Because you know that the repairs did not stop with just the affected section. Oh no. Because that section was right next to the porch, a porch that of course became sadly shabby and run-down looking when compared to the brand spankin’, freshly painted new side of the house. So naturally we had to rip out the entire porch railing and prepare to “redo the deck”, a portentous sounding project if I ever heard one.
Apparently I then spent a lot of time beseeching the universe for Ways I Can Get Out Of Having To Do This Please!, because one day when I came home from working out, there, in my driveway, was Dave.
Dave has a wonderful voice, a voice very much like that of Mike Rowe, former opera singer and current host of the TV show “Dirty Jobs” on the Discovery Channel. I really didn’t care what Dave had to say, as long as he just kept on saying it. But then I began listening to his words.
“Behold,” said Dave, “your concrete is all black and dirty, like unto the dark heart of the blackest night. But I wilt come and wash it with my special “hot chemical”, and lo, it will shine like the clearest diamond and sparkle like the brightest sun.”
“Hm,” I replied.
“And verily,” continued Dave, “we also do decks.”
So we hired Dave to come and work on our house. And Dave pressure washed the house, the deck, the driveway, and all our walkways. And it was very good.
But it was also dangerous, because that was the moment that we all began Getting Ideas.
“You know,” I said to my husband, “wouldn’t it be a great idea to have your family and my family down for Memorial Day?”
“You know,” said Dave, “now that the house is clean, this is the perfect time to re-paint it.”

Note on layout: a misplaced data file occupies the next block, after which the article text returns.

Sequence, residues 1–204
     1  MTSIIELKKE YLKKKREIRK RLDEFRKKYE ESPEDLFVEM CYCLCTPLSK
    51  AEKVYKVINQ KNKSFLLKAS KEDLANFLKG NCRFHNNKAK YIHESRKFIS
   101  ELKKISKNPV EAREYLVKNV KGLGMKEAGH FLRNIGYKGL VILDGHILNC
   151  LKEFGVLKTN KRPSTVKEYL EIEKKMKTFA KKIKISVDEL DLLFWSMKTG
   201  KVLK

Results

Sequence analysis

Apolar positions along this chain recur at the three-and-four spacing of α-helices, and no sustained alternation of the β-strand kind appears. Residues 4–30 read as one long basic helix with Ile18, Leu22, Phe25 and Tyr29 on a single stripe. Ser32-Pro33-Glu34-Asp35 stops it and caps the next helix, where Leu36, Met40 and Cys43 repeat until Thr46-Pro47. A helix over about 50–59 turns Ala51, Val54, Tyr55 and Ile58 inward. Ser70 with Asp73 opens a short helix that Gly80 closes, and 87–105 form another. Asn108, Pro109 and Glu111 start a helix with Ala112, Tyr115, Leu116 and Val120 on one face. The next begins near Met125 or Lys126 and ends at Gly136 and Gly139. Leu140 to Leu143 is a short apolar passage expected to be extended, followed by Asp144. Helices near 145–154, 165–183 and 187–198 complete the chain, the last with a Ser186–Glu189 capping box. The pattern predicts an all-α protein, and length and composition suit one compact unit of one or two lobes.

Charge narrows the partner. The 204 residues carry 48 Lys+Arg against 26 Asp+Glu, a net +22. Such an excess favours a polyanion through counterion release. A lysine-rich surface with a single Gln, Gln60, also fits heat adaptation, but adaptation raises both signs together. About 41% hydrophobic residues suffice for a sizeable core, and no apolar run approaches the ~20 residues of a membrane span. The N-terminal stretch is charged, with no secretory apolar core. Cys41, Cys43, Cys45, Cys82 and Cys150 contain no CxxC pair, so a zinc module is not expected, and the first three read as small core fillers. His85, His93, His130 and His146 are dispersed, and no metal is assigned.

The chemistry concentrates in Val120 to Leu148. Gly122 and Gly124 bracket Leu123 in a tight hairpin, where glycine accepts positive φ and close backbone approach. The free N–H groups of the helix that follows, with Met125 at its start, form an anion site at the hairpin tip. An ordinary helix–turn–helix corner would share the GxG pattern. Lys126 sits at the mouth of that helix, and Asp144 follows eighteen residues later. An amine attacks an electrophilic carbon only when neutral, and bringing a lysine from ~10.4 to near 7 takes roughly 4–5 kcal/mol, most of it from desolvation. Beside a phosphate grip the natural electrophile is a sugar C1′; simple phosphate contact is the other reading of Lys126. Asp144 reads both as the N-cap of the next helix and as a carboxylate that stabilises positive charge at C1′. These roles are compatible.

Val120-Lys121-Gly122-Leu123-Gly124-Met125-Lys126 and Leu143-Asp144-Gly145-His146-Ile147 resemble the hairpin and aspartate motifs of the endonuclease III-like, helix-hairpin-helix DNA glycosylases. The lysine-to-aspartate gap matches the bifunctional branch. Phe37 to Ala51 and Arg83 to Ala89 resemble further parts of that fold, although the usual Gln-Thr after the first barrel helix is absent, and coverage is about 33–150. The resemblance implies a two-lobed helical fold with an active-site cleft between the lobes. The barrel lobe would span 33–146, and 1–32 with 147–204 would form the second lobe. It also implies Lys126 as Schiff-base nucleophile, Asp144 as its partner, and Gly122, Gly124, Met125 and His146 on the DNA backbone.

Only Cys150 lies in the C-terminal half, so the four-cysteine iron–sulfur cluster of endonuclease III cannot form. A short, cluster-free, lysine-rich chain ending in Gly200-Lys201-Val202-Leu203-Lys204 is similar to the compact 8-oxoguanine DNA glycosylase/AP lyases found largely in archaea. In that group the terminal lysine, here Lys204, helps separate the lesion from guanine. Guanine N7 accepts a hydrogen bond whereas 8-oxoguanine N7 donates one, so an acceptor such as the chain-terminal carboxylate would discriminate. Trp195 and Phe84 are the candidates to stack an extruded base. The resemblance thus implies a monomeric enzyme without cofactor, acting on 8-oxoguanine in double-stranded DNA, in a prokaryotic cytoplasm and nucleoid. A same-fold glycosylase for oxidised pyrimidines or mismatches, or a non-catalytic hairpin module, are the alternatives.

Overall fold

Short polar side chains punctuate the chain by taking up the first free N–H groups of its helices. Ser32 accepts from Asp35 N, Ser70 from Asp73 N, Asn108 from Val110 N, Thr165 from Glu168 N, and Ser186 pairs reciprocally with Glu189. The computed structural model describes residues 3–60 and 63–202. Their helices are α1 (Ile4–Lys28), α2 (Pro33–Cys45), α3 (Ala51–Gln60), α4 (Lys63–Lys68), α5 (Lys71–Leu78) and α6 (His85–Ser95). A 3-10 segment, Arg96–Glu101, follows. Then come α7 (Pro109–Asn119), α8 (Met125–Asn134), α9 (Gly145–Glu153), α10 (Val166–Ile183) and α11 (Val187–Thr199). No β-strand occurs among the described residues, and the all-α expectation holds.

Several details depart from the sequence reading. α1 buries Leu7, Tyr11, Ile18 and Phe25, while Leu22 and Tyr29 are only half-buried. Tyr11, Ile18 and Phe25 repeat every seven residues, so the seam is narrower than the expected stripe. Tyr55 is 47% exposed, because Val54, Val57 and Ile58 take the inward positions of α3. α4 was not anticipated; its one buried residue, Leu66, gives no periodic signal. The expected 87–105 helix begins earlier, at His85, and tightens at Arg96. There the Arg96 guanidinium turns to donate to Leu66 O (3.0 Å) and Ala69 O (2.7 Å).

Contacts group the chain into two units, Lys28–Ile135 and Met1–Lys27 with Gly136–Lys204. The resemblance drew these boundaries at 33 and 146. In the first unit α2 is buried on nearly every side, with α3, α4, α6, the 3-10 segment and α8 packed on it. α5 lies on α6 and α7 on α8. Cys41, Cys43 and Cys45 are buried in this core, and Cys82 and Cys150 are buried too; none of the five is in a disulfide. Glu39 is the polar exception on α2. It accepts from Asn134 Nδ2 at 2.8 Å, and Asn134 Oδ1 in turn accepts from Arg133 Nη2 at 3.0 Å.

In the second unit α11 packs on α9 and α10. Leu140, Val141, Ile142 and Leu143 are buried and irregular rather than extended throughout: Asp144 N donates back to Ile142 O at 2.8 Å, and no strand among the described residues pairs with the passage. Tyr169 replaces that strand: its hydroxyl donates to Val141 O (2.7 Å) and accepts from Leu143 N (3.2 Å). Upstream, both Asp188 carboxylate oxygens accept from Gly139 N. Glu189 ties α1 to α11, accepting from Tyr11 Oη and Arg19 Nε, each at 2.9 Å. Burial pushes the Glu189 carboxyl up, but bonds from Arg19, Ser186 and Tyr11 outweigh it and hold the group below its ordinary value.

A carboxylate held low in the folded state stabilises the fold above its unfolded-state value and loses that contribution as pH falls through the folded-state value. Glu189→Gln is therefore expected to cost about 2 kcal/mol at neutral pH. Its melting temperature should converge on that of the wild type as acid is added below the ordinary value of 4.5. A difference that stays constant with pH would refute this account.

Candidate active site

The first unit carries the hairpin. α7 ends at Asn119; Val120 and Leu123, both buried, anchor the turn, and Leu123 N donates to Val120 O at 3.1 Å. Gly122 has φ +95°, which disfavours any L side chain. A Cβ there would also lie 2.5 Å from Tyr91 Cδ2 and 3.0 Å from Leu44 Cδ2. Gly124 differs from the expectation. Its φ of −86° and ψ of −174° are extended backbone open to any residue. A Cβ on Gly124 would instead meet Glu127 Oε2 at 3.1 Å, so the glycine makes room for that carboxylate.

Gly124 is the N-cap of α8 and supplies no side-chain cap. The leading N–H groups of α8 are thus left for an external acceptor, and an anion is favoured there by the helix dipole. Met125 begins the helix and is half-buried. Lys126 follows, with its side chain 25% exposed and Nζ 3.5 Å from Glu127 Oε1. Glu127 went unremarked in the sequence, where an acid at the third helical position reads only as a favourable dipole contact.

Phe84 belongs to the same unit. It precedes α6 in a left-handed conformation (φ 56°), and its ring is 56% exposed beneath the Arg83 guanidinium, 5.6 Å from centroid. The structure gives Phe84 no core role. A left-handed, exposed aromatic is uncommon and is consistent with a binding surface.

And so his idea and my idea met, collided, and then took on a whole life of their own.
Now that we are getting the entire house re-painted,
-Of course we have to rebuild the entire deck railing from scratch
-and re-landscape the entire front lawn
-and construct a special container on the side lawn to hold the enormous pile of gravel that’s been sitting on our driveway for an entire year (don’t ask)
-And sure, I can also prepare all of my students for their final exams in Spanish
-And host some out-of-town guests
-And easily conclude the final “tapering off” of the anti-depressant I’ve been taking for the past 14 years a mere week before we host our first ever joint family holiday gathering
Not surprisingly, my body responded to all of my insane delusions by sticking out its tongue, making a funny face, and contracting strep throat (which in turn meant receiving various helpful, yet painful, shots in the ass.)
If you listen very closely, you can still hear the quiet ticking of the Crazy Time Bomb Of Doom that I had become. Clearly, a meltdown was imminent.
The final straw occurred on the Thursday before the party when I tried, and failed, to plant three gardenia bushes in our front yard. It should give you some indication of just how completely at-the-end-of-my-ability-to-function-in-everyday-life I was that I was incapable of digging three holes in the ground, filling them with plants that had already been grown, and covering them back up with dirt.